Iranian Assyrians
ܐܬܘܪܝܐ ܕܐܝܼܪܵܢ (Syriac)
Assyrian people Iran
Iranian Assyrians from Urmia, Iran
Total population
20,000 [1]
Regions with significant populations
Languages
Neo-Aramaic and Persian
Religion
Syriac Christianity

Assyrians in Iran (Syriac: ܐܬܘܪܝܐ ܕܐܝܼܪܵܢ; Persian: آشوریان ایران), or Iranian Assyrians, are an ethnic and linguistic minority in present-day Iran. The Assyrians of Iran speak Assyrian Neo-Aramaic, a neo-Aramaic language descended from Classical Syriac and elements of Akkadian, and are Eastern Rite Christians belonging mostly to the Assyrian Church of the East and also to the Ancient Church of the East, Assyrian Pentecostal Church, Chaldean Catholic Church and Assyrian Evangelical Church.[2]

They share a common history and ethnic identity, rooted in shared linguistic, cultural and religious traditions, with Assyrians in Iraq, Assyrians in Turkey and Assyrians in Syria, as well as with the Assyrian diaspora.[2]

The Assyrian community in Iran numbered approximately 200,000 prior to the Islamic Revolution of 1979.[3] In 1987, there were an estimated 50,000 Assyrians living in Tehran.[4] However, after the revolution many Assyrians left the country, primarily for the United States; the 1996 Iranian census counted only 32,000 Assyrians.[5] Current estimates of the Assyrian population in Iran consist of 7,000 combined members of the Assyrian Church of the East and Chaldean Catholic Church in addition to less than 10,000 members of the Assyrian Evangelical Church.[6]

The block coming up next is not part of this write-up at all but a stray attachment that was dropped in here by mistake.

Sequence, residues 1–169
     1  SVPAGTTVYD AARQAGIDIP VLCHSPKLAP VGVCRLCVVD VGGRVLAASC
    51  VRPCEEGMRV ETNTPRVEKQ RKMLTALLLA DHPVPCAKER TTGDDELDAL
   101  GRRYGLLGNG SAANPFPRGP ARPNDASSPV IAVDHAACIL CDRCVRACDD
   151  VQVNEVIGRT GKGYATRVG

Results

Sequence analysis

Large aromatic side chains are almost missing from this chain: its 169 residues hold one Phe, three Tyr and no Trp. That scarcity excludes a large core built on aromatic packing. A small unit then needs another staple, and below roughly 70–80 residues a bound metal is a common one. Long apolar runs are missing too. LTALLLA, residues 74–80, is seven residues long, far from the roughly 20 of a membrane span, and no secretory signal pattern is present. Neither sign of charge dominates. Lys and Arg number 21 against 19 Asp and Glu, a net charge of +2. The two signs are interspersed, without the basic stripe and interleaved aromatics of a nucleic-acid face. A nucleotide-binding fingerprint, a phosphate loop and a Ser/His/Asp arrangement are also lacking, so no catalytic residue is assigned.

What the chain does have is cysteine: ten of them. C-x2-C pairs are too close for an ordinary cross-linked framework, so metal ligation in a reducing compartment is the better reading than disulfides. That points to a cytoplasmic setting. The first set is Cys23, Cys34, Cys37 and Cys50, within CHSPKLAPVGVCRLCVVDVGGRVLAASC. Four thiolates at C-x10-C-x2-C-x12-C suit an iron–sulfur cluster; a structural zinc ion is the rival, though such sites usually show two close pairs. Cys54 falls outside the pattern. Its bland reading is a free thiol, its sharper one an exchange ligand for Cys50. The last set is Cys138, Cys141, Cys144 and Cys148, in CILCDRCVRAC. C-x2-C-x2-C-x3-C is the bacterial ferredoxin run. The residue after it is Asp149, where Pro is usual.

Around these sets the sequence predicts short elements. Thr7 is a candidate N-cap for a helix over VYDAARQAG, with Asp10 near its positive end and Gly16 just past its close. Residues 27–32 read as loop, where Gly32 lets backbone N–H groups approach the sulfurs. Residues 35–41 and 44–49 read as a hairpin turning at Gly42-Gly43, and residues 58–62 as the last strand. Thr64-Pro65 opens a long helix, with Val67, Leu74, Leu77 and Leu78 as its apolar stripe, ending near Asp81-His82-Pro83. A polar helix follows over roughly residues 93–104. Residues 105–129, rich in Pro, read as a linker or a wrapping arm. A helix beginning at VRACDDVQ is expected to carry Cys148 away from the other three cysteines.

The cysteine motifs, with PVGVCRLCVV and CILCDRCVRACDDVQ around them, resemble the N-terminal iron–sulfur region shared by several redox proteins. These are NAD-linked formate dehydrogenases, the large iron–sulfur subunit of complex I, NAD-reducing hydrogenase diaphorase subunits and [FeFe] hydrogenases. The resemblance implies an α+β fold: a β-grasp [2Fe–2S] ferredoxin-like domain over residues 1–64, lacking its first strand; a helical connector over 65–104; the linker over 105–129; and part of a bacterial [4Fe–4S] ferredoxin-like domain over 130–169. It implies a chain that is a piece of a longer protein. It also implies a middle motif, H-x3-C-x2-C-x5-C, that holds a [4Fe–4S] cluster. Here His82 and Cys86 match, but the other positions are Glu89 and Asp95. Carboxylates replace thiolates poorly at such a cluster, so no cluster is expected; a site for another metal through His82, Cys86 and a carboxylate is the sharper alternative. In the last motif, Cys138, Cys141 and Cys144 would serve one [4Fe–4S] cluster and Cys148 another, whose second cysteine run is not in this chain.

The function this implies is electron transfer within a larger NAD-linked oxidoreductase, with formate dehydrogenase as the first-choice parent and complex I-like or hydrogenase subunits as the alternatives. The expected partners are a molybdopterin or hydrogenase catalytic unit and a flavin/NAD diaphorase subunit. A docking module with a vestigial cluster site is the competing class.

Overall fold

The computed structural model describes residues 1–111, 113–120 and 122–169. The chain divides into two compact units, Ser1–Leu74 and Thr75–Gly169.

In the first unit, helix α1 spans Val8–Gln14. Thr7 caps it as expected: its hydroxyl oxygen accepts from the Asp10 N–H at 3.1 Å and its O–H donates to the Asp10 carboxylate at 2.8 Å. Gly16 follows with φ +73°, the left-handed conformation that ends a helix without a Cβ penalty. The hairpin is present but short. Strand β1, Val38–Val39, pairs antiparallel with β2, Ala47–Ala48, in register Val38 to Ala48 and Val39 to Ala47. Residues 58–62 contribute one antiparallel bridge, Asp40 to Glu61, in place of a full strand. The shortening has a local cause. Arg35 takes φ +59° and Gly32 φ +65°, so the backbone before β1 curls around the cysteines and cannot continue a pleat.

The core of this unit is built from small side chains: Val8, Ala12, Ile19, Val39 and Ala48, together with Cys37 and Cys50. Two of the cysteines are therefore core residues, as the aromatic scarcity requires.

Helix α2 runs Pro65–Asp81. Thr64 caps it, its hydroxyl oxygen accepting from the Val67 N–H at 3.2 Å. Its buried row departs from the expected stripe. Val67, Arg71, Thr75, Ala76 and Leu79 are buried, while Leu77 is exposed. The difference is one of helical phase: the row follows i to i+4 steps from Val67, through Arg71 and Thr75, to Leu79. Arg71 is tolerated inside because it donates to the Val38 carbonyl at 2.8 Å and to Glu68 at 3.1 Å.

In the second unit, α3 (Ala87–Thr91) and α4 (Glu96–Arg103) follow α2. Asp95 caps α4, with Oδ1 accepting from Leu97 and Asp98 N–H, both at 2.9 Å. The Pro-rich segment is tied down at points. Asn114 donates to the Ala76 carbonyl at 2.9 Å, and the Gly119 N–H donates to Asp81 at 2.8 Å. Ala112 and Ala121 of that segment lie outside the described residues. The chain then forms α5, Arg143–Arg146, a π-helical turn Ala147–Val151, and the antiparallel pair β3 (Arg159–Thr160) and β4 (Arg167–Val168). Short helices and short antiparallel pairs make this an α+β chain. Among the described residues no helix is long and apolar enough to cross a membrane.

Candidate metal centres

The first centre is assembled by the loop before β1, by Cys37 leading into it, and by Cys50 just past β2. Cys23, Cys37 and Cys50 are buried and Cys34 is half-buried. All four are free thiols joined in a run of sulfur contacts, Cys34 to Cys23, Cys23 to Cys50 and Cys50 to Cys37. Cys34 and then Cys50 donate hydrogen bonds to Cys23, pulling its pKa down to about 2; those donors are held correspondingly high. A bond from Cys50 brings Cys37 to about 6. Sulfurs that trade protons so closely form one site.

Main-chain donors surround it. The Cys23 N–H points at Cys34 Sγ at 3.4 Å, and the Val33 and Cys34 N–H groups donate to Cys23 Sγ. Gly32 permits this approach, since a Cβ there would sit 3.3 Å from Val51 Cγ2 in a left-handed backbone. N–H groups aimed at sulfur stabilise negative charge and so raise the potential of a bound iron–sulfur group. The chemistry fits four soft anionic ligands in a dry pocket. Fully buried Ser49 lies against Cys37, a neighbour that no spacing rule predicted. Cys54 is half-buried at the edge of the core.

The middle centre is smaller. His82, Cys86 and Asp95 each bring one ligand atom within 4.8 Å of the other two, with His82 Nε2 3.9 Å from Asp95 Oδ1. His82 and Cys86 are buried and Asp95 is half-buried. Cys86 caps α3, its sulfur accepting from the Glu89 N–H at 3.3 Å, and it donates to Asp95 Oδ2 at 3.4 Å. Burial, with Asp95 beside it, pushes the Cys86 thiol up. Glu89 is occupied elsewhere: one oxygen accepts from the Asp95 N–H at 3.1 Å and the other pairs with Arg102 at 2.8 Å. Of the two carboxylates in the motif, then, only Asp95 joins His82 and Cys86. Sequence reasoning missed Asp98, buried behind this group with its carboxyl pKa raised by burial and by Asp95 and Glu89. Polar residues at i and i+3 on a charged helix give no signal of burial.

The Iranian capital, Tehran, is home to the majority of Iranian Assyrians; however, approximately 15,000 Assyrians reside in northern Iran, in Urmia and various Assyrian villages in the surrounding area.[2] To note among the Assyrian diaspora, the Assyrians residing in California and Russia tend to be originally from Iran.[7]

The Constitution of the Islamic Republic of Iran, ratified in 1979, recognizes Assyrians as a religious minority and ethnic minority and reserves for them one seat in the Islamic Consultative Assembly, the Iranian parliament.[8] As of 2004, the seat was occupied by Yonathan Betkolia, who was elected in 2000 and reelected in the 2004 legislative election.[citation needed]

In 2010, it was estimated that there were only around 5,000 Assyrians left in the historical center of the city of Urmia.[9]

History

Assyrians producing butter in Persia

The Assyrian presence in Iran goes back 4,000 years to ancient times, and Assyria was involved in the history of Ancient Iran even before the arrival of the modern Iranian peoples to the region circa 1000 BC. During the Old Assyrian Empire (c.2025-1750 BC) and Middle Assyrian Empire (1365-1020 BC) the Assyrians ruled over parts of Pre-Iranic northern and western Iran. The Neo-Assyrian Empire (911-605 BC) saw Assyria conquer the Iranic Persians, Medes and Parthians into their empire, together with the ancient pre-Iranic Elamites, Kassites, Manneans and Gutians, and also the Iranic Cimmerians of Asia Minor and Scythians of the Caucasus.[10] The home of the Assyrians in Iran has traditionally been along the western shore of Lake Urmia from the Salmas area to the Urmia plain.[11]